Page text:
London — Big Ben's chimes are back.
The melodic quarter-hour chimes that precede the famous bonging of the 13-ton Big Ben bell have been silenced by repairs since early June.
On Wednesday, technicians fitted two new hammers to the largest of the four bells that have marked the quarter hours from parliament's clock tower since 1859.
The Westminster chime tune, said to be based on two measures from Handel's "The Messiah," was composed originally for the bells of Great St. Mary's Church in Cambridge, where a new clock was installed in 1793. The identity of the composer is uncertain, though the leading suspect is William Crotch, a child prodigy who was an assistant organist at King's College in the city.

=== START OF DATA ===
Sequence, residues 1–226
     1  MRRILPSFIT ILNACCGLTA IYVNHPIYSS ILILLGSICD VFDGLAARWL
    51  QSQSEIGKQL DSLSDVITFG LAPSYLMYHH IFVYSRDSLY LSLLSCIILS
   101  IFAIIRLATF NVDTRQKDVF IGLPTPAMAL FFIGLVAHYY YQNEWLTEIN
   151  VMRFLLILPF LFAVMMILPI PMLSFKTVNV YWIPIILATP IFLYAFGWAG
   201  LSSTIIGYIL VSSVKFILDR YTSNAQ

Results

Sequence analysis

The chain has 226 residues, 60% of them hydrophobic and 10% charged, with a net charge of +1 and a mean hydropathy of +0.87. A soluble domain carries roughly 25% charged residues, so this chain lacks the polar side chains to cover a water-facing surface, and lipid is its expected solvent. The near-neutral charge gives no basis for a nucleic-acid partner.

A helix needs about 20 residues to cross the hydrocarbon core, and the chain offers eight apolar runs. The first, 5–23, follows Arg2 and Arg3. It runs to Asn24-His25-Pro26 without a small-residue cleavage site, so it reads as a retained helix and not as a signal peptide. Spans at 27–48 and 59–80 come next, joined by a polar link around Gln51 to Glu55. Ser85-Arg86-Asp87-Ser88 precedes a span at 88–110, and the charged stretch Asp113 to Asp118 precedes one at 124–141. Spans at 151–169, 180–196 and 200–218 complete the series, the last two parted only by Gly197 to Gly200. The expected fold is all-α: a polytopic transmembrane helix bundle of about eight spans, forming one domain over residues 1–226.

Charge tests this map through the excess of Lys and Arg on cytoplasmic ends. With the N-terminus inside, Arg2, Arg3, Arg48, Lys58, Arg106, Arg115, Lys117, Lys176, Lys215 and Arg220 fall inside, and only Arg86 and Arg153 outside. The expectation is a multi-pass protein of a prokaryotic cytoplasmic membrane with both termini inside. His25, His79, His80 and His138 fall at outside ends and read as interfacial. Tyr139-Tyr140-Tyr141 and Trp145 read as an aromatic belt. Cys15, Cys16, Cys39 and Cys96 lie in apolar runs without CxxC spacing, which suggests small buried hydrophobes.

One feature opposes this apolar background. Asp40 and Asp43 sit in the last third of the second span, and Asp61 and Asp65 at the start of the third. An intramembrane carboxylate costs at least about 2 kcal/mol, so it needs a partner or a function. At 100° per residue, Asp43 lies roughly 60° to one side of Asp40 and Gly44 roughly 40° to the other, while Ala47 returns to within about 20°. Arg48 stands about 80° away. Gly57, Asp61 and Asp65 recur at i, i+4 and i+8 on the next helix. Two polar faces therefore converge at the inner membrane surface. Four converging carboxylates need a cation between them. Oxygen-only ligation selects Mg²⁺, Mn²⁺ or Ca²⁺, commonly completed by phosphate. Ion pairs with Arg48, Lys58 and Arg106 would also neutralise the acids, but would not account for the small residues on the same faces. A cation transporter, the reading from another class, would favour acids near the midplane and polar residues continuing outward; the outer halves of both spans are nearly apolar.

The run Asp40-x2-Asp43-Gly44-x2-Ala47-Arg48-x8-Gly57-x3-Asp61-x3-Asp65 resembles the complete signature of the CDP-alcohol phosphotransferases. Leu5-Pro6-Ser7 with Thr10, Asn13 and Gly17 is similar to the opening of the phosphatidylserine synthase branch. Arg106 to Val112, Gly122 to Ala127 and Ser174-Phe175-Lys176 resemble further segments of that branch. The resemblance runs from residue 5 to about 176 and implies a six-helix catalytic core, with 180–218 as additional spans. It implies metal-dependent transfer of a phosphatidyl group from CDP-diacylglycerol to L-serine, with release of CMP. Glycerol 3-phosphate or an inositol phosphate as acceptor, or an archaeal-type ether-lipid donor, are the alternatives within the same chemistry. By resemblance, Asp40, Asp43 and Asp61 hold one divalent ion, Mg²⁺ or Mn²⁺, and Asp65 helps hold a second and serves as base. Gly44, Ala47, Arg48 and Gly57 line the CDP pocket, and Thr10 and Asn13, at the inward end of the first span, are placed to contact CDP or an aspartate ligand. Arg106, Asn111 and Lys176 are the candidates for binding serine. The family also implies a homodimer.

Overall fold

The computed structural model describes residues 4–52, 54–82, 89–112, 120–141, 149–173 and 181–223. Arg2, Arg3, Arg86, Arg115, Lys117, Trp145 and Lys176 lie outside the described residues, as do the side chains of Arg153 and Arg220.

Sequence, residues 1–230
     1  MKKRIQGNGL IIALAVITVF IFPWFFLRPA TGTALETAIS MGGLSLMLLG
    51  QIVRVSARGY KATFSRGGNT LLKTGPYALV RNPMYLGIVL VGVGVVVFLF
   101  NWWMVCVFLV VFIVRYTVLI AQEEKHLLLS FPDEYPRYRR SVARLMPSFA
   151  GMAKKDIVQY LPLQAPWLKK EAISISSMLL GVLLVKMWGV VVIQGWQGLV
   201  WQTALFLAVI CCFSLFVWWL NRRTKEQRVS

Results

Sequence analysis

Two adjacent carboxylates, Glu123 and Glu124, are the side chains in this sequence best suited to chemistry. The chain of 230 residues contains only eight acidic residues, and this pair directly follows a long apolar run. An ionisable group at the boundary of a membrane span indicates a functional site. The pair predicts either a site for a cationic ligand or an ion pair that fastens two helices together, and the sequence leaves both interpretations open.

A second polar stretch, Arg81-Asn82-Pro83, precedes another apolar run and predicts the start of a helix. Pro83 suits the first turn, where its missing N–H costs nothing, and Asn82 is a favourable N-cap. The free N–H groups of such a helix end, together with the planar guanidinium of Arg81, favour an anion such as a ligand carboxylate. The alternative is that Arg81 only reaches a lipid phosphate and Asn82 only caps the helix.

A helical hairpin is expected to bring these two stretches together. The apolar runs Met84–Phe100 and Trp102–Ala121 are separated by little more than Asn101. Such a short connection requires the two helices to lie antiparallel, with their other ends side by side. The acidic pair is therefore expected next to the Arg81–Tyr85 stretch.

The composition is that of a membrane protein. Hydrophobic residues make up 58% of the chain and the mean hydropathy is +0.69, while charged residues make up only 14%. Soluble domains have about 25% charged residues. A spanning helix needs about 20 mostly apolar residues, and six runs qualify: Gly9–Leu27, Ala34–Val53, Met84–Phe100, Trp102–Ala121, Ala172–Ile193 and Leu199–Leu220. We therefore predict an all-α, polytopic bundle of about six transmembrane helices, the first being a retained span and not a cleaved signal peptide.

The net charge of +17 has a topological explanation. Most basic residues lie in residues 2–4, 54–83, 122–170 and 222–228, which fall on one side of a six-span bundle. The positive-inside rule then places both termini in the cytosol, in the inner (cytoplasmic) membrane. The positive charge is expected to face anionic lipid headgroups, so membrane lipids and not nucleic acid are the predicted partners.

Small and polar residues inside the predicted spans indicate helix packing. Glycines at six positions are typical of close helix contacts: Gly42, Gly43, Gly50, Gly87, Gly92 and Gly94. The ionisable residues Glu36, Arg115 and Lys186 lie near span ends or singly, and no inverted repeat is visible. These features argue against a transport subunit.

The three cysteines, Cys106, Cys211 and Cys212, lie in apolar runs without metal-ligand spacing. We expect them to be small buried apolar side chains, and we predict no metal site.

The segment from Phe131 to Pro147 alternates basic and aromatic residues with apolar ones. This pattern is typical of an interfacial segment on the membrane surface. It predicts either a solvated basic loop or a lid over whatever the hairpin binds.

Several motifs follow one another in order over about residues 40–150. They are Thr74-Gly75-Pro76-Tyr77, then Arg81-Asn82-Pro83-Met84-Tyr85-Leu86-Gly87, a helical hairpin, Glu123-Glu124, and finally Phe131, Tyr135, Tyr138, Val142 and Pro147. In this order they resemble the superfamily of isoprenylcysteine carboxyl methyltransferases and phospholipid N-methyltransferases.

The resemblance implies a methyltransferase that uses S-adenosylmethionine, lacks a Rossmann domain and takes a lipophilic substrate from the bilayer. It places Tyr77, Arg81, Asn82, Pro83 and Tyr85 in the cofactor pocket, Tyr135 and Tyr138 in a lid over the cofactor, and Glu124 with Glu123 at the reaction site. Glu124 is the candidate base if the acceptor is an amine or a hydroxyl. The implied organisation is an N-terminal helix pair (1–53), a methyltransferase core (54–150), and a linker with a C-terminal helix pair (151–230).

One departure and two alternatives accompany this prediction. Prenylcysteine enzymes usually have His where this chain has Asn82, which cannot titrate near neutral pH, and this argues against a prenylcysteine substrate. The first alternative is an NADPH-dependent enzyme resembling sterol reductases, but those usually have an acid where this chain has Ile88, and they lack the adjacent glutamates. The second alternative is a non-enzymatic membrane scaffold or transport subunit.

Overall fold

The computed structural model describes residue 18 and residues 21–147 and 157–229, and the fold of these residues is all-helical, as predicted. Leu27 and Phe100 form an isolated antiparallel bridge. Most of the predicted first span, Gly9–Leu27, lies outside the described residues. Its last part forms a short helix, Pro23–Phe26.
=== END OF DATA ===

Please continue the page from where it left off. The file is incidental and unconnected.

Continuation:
The characteristic sound is closely identified with England. A live broadcast of the 6 o'clock chimes precedes the British Broadcasting Corp. radio's early evening news bulletin. For the past month, the broadcaster has been forced to replace the sound with birdsong.